When I began blogging to what would become Slabbed my knowledge of complex finance was exceeded only by my ignorance of how the political process really worked. What I found from my perch here in Soggy Bottom is that talking aka cussin’ and discussin’ dominates the process. And besides all the talking that goes on inside the beltway there is a mirror conversation that happens on the outside, in places like Yahoo Allstate finance message board and in Sheila Brinbaum speeches where alternate realities are peddled out of economic self interest.
Beyond the shilling however the Government Accountability Office has been looking at the NFIP and their findings tell the real story, of a program abused by private for profit insurers with no oversight on part of FEMA. For instance in September 2007 the GAO found:
FEMA’s payments to WYO insurance companies for operating costs ranged from more than a third to almost two-thirds of the total premiums paid by policyholders to the NFIP for fiscal years 2004 through 2006……
The approach FEMA uses to determine operating costs for WYO insurance companies, rooted in policies negotiated and established about 25 years ago, cannot ensure that payments are based on reasonable estimates of actual expenses because actual expenses incurred by the companies for their services to the NFIP are not considered. Although it has authority to do so, FEMA does not collect data on actual WYO flood insurance expenses that could provide a basis for insuring that the WYO payments are based on a reasonable estimate of actual expenses.
Fast forward to December 2007 and another GAO report which found FEMA asleep at the switch and a program structures to create “an inherent conflict of interest”:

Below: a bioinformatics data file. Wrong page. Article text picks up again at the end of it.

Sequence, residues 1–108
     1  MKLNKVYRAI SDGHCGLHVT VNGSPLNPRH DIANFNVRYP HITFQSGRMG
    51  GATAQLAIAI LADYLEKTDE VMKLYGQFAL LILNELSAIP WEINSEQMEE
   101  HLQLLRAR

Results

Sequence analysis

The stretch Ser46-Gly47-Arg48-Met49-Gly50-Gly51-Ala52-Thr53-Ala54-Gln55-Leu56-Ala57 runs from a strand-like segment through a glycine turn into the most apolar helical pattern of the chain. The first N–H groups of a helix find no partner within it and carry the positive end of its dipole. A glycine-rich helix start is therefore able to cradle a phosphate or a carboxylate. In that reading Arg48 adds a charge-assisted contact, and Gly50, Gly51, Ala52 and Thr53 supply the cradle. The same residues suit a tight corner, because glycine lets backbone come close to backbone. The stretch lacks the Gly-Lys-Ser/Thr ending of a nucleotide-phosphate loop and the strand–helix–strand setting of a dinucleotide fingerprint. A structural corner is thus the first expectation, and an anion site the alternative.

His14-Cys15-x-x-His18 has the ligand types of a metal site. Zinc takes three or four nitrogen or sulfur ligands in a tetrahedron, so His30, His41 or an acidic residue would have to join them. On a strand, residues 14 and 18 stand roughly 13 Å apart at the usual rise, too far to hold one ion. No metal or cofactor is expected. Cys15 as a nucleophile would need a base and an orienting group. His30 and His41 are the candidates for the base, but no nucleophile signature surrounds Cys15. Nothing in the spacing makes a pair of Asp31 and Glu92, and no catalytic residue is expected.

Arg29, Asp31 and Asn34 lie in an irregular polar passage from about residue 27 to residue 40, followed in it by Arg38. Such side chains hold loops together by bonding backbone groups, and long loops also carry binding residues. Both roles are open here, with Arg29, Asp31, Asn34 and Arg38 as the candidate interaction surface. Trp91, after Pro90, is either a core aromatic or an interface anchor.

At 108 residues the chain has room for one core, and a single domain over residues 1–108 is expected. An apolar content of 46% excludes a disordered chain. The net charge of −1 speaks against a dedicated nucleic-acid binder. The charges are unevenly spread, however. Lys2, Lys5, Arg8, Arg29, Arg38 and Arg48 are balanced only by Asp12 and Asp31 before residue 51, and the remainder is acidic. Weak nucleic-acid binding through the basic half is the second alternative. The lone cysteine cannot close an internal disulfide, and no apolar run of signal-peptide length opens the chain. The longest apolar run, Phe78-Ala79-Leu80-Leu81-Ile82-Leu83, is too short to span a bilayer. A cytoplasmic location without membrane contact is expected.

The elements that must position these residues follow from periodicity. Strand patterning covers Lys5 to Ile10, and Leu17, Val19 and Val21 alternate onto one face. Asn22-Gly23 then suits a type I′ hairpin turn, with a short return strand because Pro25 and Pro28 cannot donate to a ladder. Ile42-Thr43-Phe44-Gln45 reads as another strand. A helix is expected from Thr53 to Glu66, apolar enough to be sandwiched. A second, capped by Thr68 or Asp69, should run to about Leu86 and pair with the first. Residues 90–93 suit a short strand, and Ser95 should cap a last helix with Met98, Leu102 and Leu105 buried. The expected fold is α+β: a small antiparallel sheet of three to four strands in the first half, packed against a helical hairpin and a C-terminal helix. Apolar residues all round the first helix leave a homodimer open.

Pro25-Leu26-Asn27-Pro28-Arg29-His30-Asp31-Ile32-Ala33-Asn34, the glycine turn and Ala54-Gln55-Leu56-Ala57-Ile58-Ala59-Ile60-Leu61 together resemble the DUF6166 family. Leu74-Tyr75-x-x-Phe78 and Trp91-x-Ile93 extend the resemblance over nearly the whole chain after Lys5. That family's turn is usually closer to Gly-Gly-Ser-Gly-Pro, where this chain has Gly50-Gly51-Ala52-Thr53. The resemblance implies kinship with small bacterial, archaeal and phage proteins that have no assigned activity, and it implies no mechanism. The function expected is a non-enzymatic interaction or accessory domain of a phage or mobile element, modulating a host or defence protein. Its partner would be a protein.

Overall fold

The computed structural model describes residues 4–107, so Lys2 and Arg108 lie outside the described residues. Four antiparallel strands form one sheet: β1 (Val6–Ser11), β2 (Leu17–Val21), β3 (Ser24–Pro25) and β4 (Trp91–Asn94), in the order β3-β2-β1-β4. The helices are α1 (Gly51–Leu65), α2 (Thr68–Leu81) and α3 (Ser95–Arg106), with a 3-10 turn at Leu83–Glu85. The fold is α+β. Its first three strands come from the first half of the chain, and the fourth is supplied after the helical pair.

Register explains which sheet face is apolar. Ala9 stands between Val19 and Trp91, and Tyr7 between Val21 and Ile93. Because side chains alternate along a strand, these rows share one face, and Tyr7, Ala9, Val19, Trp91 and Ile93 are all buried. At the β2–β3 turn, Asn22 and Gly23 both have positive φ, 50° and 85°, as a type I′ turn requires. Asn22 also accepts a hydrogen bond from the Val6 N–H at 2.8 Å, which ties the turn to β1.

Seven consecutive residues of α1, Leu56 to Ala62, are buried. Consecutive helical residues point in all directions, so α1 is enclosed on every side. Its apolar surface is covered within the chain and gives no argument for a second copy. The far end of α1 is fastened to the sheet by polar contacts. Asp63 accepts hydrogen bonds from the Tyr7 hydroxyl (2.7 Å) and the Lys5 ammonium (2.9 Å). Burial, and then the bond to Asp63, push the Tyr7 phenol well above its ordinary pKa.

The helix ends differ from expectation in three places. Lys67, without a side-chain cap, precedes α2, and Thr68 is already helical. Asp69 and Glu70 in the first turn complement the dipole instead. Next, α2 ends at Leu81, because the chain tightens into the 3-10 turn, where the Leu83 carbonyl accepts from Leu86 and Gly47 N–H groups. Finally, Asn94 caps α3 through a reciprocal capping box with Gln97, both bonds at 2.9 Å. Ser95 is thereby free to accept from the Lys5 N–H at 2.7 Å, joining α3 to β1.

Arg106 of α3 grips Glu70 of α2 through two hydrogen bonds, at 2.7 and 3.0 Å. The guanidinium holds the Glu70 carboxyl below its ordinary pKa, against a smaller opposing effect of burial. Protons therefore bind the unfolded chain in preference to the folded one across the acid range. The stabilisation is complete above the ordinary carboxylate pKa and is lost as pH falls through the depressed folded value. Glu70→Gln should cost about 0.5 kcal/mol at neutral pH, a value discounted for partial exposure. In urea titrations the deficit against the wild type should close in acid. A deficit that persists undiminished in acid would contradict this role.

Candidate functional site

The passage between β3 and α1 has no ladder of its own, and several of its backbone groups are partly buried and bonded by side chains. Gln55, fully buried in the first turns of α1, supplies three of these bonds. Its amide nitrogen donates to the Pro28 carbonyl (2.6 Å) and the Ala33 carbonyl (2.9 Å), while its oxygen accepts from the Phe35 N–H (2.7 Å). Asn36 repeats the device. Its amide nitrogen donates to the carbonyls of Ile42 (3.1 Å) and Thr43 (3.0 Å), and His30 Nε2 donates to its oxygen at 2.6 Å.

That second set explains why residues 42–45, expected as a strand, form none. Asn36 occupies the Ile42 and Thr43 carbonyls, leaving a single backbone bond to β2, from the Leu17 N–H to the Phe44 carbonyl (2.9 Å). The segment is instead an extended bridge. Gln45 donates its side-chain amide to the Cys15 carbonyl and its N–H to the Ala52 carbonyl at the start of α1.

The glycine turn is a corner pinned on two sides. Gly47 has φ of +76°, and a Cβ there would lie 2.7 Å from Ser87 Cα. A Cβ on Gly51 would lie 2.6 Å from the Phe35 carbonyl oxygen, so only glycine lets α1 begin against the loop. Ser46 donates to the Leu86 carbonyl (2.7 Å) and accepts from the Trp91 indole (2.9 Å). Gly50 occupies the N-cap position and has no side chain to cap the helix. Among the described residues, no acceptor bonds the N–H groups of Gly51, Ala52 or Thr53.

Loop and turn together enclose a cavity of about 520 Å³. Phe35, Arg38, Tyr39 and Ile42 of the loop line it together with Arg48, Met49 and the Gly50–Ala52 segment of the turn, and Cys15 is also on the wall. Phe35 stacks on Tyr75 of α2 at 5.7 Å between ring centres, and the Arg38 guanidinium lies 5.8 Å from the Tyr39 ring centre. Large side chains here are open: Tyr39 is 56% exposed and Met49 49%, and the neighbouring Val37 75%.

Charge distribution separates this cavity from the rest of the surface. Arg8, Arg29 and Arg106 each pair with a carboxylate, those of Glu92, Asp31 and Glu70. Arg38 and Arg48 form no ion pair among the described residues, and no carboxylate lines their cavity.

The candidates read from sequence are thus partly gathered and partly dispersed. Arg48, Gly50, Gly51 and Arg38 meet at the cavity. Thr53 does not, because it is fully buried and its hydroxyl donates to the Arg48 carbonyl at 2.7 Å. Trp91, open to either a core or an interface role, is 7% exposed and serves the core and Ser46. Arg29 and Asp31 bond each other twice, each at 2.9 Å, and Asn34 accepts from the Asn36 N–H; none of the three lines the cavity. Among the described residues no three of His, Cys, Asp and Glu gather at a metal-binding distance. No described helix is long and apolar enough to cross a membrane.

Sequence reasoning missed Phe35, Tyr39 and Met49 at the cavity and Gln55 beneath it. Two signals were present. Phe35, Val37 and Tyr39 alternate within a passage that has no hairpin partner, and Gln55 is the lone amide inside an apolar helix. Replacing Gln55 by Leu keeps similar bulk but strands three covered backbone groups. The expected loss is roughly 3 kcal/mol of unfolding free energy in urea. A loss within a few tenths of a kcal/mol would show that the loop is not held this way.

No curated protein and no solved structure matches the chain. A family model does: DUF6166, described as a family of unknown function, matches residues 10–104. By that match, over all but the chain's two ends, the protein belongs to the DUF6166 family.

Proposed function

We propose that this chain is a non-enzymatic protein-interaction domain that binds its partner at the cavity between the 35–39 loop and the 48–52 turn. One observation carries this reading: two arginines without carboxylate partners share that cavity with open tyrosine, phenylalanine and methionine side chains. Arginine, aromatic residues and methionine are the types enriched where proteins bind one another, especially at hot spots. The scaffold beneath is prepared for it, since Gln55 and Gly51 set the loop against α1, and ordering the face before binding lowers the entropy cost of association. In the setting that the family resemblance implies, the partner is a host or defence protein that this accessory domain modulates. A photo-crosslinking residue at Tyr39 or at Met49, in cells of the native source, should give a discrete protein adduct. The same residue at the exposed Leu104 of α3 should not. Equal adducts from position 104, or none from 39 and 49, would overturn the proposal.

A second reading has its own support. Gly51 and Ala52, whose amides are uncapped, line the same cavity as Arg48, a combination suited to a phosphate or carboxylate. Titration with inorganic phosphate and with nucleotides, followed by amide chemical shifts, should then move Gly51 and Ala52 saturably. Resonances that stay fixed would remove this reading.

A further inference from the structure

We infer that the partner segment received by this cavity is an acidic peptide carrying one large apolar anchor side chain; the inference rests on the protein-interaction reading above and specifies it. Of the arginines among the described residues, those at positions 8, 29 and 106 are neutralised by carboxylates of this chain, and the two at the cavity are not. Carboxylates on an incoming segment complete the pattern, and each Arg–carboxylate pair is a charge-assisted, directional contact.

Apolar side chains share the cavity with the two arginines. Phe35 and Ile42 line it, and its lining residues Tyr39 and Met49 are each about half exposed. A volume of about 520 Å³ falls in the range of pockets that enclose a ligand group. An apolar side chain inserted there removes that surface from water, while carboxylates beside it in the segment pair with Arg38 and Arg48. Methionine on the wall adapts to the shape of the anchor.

Insurance coverage gaps and claims uncertainties can arise when coverage for hurricane damage is divided among multiple insurance policies. Coverage for hurricanes generally requires more than one policy because private homeowners policies generally exclude flood damage. But the extent of coverage under each policy depends on the cause of the damages, as determined through the claims adjustment process and the policy terms that cover a particular type of damage. This process is further complicated when the damaged property is subjected to a combination of high winds and flooding and evidence at the damage scene is limited. Other claims concerns can arise on such properties when the same insurer serves as both NFIP’s write-your-own (WYO) insurer and the property-casualty (wind) insurer. In such cases, the same company is responsible for determining damages and losses to itself and to NFIP, creating an inherent conflict of interest.
And the GAO continued looking at the program most recently with the issuance of this report dated last month. The professionals at GAO continue to find a program operated with little oversight and no internal controls: Continue reading “The GAO does some more cussin’ and discussin’ on the National Flood Insurance Program”